Pennsylvania manufacturer thrives -- if only it can find good workers
ERIE, Pennsylvania -- The instant you walk into the 750,000-square-foot PHB Industries tool and die plant, your senses are engulfed by the smells, buzzes and hums of machines and people making things. Instantly you are aware you are in a place where man, woman, technology, natural resources and robotics all collaborate for a multitude of product creation and assembly.
Aluminum die-casting; zinc die-casting; and machines of every size, shape and capability are everywhere, some run by a computer, some giving off thousands of degrees of heat and some guided by skilled workers.
The plant serves a multitude of markets that include household and industrial plastics, appliances, electronics, telecommunications, medical equipment, industrial equipment, and aerospace and defense industries.
Their customers are here in the United States and as far away as India and China.
If you are looking for a place that makes things, that allows you to buy American in a place that is hiring Americans, look no further than here. The family-oriented business is owned by John Hilbert, CEO of PHB, and his brother, William Hilbert Jr., the CEO of sister company Reddog Industries.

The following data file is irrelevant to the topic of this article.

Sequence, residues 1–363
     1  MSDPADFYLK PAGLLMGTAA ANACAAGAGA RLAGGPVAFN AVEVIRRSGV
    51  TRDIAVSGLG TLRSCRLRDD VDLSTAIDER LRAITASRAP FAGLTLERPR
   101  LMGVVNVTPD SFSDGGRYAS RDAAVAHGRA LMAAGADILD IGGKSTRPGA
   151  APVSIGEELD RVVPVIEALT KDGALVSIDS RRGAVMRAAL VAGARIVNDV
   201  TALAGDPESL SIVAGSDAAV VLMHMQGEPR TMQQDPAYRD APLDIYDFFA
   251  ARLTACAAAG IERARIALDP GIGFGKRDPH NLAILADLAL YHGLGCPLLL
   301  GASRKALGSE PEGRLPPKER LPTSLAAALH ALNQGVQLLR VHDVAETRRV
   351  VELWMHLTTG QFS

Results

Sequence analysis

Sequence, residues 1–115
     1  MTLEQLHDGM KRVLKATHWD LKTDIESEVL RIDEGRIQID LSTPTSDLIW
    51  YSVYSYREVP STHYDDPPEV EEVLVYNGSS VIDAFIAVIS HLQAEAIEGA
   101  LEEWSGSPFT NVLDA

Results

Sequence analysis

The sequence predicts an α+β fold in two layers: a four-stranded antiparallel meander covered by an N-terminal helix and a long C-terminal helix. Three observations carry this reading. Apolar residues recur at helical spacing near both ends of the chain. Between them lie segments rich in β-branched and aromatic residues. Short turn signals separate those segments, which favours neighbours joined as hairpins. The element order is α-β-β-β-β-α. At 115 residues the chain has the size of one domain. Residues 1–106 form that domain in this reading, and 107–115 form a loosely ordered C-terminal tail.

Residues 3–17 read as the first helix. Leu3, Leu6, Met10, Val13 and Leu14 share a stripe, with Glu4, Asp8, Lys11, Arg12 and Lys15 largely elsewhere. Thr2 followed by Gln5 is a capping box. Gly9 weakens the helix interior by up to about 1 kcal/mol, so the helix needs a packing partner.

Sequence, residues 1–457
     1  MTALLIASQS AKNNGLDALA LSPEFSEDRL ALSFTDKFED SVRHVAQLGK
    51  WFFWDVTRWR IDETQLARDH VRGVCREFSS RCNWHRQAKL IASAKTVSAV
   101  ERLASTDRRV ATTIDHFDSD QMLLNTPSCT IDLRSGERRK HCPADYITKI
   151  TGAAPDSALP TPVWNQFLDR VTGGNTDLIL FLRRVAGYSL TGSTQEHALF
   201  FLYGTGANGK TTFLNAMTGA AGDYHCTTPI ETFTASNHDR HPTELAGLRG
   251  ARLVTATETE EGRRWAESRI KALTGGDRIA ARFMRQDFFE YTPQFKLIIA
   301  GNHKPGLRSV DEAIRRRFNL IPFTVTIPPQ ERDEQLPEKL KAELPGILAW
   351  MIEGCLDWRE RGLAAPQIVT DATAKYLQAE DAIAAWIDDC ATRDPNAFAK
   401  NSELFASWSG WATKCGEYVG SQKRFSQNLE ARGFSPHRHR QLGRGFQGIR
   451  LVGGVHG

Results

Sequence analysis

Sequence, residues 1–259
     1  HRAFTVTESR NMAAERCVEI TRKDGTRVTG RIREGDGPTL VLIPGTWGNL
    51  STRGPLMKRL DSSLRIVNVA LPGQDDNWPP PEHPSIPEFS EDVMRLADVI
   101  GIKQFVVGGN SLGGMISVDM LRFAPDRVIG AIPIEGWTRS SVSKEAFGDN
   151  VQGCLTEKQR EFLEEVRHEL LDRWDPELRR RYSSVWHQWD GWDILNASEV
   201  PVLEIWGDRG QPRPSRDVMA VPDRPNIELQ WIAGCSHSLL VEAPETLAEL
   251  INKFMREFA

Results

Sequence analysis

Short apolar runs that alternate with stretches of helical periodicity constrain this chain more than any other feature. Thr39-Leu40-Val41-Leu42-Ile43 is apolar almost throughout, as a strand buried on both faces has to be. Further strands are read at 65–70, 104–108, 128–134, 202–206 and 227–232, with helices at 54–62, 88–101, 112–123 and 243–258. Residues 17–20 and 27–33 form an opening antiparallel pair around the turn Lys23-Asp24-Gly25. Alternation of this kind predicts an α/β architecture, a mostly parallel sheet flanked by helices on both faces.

If you are looking for a place that has low turnover and is eager and aggressively looking to persuade young people to become skilled workers and invest in their future, this is also it.
PHB employs 500 and Reddog 60. John Hilbert said their biggest problem is not production but "finding people."
He explained: "Overall, we've come through the whole COVID thing. April (and) part of March were the worst in the company's history, as I'm sure that's no surprise, but we've rebounded. Our customers have come back pretty strong. Beginning the first part of June, we've been running six days a week. But our skilled labor has been an issue for years and years. Getting our society in general to appreciate the fact that we need skilled labor and that trades are not a dirty word has been an uphill battle."
Forty years ago, when manufacturing started to decline, teaching trades in high school became passe, and society decided in response that everyone had to go to college. Parents felt pressured, and students felt pressured, even when neither necessarily thought it was a good fit for themselves or their pocketbooks.
"Everybody doesn't have to go to college," said Hilbert. "You've heard this, and we've spent -- my brother and a couple of other folks -- have spent a tremendous amount of time pounding that home."